Built in 2001, with the name Belgacom, this 60-foot trimaran joined Baron Benjamin de Rothschild’s stable in 2004, where she became Gitana 11. In 2009, the multihull was lengthened by 17-feet to compete in the Ultime Category in the Route du Rhum.
GITANA 11Given name
|Category Multihull, ORMA60 then Ultime||Loa 23.51 m|
|Upwind sail area 310 m²||Downwind sail area 450 m²|
|Year of launch 2001 (2009)|
This trimaran is one of the emblematic multihulls from the golden age of the ORMA class. Launched under a Belgian flag in 2001, she was bought by Baron Benjamin de Rothschild three years later so as to mix things up a bit within the Gitana fleet and prompt the stable’s rise in power. Indeed, though Gitana X has the role of a ‘training boat’ dedicated to the detection of young talent, Gitana 11 was purchased with the aim of winning medals. Successively helmed by Frédéric le Peutrec, Lionel Lemonchois and Yann Guichard, this trimaran secured a series of prestigious podiums, ensuring Gitana’s name earned a place on the winners’ list of a number of races. However, her finest hour was surely in November 2006 on her crushing victory in the legendary Route du Rhum. A fan of major refits, the Gitana Team modified the multihull twice over. Over the course of the winter 2005-2006, the central hull was cut 50cm above the waterline so as to graft on a new section of hull below and a new daggerboard casing. The cockpit was also redefined and the reinforced floats were equipped with curved rather than the standard straight foils. In 2009, following the publication of the Notice of Race for the Route du Rhum 2010, which was opening the event to yachts from the Ultime class, it was decided to transform Gitana 11 into a 77-foot maxi-multihull.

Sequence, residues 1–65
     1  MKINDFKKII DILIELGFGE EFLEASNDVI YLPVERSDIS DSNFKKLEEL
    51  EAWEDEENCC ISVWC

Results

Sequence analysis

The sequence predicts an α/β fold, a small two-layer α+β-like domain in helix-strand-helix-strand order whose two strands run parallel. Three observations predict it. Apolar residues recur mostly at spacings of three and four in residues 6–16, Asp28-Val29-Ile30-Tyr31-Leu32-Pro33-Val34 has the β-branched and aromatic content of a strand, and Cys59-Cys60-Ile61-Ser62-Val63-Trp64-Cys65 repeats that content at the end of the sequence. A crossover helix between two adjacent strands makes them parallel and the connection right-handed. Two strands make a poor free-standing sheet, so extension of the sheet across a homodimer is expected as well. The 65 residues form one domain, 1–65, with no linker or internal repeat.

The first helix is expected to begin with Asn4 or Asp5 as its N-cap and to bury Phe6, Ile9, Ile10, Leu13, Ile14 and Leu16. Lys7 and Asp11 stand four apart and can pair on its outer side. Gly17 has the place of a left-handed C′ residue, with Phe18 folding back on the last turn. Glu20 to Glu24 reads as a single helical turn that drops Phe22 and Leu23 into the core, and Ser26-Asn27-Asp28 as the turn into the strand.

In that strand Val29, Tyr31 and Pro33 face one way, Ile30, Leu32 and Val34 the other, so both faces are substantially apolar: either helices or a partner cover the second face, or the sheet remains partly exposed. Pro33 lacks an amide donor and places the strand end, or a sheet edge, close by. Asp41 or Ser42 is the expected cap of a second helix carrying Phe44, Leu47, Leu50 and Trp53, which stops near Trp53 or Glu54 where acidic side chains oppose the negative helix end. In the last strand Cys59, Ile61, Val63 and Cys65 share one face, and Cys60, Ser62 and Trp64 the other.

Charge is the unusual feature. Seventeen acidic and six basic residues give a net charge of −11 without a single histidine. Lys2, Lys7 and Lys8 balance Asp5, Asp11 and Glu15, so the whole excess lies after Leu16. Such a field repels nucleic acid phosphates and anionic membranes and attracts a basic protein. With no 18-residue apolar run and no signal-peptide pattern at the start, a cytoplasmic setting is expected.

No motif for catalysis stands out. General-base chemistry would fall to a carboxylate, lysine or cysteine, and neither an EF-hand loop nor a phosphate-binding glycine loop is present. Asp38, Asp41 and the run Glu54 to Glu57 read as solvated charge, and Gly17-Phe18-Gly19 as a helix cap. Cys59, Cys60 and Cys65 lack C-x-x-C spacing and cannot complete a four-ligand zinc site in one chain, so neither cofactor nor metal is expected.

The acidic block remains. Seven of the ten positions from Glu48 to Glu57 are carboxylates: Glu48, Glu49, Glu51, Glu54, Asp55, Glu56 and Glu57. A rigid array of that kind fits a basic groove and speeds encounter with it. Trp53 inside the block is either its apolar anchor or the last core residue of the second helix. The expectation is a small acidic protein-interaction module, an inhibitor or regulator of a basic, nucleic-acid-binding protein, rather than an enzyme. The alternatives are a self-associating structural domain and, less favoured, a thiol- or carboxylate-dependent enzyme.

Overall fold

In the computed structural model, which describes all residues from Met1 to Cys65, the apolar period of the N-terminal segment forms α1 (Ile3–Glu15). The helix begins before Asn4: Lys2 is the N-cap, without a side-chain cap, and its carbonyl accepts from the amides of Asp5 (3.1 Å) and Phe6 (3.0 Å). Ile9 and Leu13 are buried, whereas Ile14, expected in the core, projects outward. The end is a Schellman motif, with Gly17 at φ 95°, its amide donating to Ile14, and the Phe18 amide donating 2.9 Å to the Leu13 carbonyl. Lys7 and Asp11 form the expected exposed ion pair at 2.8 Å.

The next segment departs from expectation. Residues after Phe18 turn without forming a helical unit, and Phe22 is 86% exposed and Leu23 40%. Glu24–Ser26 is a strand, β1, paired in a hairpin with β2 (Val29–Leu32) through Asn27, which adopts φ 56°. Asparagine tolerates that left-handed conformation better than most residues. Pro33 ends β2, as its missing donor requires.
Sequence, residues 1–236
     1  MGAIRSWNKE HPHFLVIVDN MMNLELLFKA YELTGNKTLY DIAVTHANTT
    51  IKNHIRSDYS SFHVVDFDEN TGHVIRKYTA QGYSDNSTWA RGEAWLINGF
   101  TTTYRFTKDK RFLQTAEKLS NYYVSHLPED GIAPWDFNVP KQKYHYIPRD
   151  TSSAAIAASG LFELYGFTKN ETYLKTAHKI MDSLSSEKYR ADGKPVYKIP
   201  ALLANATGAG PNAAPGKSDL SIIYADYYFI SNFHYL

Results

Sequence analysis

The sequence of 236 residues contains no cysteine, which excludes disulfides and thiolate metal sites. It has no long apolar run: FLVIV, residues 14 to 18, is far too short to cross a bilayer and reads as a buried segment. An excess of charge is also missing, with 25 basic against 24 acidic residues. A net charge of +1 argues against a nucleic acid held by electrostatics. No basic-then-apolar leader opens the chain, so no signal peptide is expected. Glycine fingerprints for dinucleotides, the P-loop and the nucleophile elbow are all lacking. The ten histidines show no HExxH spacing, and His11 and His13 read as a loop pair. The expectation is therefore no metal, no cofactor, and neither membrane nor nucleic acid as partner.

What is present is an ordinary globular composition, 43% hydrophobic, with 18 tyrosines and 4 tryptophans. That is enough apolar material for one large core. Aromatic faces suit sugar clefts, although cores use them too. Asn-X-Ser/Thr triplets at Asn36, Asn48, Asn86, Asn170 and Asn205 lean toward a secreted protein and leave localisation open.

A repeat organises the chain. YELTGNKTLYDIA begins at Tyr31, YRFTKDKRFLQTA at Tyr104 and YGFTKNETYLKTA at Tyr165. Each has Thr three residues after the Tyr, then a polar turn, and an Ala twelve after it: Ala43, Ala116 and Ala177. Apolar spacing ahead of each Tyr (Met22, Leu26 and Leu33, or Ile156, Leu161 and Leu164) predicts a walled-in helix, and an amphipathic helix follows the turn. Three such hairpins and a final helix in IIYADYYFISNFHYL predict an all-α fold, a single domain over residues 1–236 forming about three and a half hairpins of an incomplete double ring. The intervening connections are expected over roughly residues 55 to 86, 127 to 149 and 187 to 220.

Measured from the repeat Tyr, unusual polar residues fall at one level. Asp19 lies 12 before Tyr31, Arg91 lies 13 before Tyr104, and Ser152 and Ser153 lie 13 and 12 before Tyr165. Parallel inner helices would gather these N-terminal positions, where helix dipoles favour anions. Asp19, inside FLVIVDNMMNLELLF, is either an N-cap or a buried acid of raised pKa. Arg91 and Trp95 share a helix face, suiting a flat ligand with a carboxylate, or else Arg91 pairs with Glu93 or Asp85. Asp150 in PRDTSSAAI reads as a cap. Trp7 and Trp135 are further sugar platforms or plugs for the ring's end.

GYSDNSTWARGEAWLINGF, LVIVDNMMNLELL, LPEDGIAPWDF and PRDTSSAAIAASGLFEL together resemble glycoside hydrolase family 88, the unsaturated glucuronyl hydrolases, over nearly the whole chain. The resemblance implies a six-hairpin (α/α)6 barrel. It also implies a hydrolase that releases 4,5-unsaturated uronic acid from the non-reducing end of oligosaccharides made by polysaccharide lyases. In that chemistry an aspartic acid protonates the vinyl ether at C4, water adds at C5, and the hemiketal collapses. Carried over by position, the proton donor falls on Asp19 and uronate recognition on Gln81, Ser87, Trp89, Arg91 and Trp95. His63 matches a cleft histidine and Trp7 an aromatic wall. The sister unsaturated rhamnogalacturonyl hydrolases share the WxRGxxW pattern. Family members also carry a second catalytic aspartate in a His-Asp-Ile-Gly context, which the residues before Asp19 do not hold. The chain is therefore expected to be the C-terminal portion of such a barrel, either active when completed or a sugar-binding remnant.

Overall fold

A new lease of life in ten months: review of the broad outline of Gitana 11’s transformation
Transforming an existing boat rather than building a new craft, such is the bold challenge the Gitana Team set itself in 2009 to defend its title in the Route du Rhum 2010, turning Gitana 11 into a competitive boat capable of competing with rivals of giant proportions.
Following weeks of work, the members of Gitana Team, naval architects VPLP yacht design and the structural engineering company HDS, turn in their reports. The studies are complete and now it’s time to get down to business. It’s a few days before Christmas, in the privacy of the technical shed at Saint-Philibert, south-west Brittany, that the work to transform Gitana 11 begins. The technical team starts by stripping the trimaran’s platform right back before releasing her old floats.
2009 gets off to a cracking start. The construction of new floats, entrusted to Southern Ocean Marine, kicks off in the Antipodes. Meantime, the creation of a new bow for the central hull begins in Arcachon, south-west France, at the Larros yard. In Saint-Philibert, the technicians at Gitana Team tackle the cutting out of the bow and the lengthening of the aft section of the central hull, whilst the engineers in the offices are modelling the pods, which will house the helming stations on the one hand and the cockpit on the other.